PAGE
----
in the information technology and financials sectors, which positively impacted relative performance.
- With regard to the fixed income portion, the Fund’s relative underweight of corporate credit negatively impacted
performance in the quarter as credit spreads tightened. The Fund’s duration now stands at approximately 93% of the
- Positions in Qualcomm, Blackstone, Disney, Microsoft and Autodesk exhibited particularly positive results. Partially
offsetting this performance was a relative overweight of the energy sector and poor stock selection in the consumer
discretionary, industrials and health care sectors with positions in Core Laboratories, Intel, Philip Morris, Lowes and
Cimarex Energy being notable detractors.
- As we look ahead, global economic growth is very likely to decelerate over the next several months, but we expect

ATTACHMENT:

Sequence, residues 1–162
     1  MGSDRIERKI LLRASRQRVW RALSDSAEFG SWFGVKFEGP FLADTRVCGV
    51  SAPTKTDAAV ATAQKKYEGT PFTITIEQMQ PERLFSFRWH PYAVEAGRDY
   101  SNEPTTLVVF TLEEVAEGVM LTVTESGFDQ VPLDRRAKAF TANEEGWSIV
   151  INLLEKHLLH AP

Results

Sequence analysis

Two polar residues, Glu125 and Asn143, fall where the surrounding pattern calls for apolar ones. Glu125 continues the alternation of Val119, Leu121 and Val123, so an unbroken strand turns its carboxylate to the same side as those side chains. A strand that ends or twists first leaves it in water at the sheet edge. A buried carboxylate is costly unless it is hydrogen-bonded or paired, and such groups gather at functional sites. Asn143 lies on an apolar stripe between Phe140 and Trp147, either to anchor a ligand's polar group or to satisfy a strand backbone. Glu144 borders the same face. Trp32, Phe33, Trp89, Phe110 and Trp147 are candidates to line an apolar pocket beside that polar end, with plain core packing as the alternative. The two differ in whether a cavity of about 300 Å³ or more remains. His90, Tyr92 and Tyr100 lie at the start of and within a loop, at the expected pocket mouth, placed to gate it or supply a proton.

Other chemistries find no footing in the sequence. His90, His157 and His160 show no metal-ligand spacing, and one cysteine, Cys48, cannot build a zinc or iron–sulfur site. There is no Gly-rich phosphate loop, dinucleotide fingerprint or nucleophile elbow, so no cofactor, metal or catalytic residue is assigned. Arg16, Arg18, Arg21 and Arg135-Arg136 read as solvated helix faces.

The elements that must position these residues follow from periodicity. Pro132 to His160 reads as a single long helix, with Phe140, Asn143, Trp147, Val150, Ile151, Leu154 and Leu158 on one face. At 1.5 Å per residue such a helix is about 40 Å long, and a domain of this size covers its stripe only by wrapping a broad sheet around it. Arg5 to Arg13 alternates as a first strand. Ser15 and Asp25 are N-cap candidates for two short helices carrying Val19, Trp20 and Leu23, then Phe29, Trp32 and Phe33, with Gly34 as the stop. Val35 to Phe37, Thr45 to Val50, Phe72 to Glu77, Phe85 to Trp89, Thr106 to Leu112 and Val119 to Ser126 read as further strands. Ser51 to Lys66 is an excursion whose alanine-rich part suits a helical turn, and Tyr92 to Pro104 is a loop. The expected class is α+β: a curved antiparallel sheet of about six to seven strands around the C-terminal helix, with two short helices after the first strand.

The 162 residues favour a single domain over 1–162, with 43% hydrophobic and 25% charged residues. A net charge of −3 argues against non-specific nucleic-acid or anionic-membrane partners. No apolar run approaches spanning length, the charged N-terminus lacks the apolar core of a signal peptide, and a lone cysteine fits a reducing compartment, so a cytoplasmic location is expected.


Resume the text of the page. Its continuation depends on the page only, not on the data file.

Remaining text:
it to remain positive. As we have previously highlighted, individual and corporate tax reform was a meaningful positive
for the domestic economy which, along with lighter regulation and a generally more business-friendly political climate,
was supportive for growth.
- However, the uncertainties around political, monetary and trade policies have been stubbornly persistent and are
likely to linger for most of this year. While we believe domestic economic growth will continue, the lagged effects of
tighter monetary policy and waning benefits from fiscal stimulus will be a headwind.
- As a result, we are closely watching inflation rates and inflation expectations which have been modest, and must
remain so, in order to allow our central bank to respond to slower growth. We have been encouraged by the Fed’s
recent shift toward an easing bias with cuts to the federal funds rate expected in the near future.
- While we continue to monitor macroeconomic forces and trends, we maintain an emphasis on finding high quality,
growing companies whose securities are trading at a reasonable valuation with visible catalysts to drive relative
outperformance over the next 12 months. This approach has served investors well over time, and our confidence in it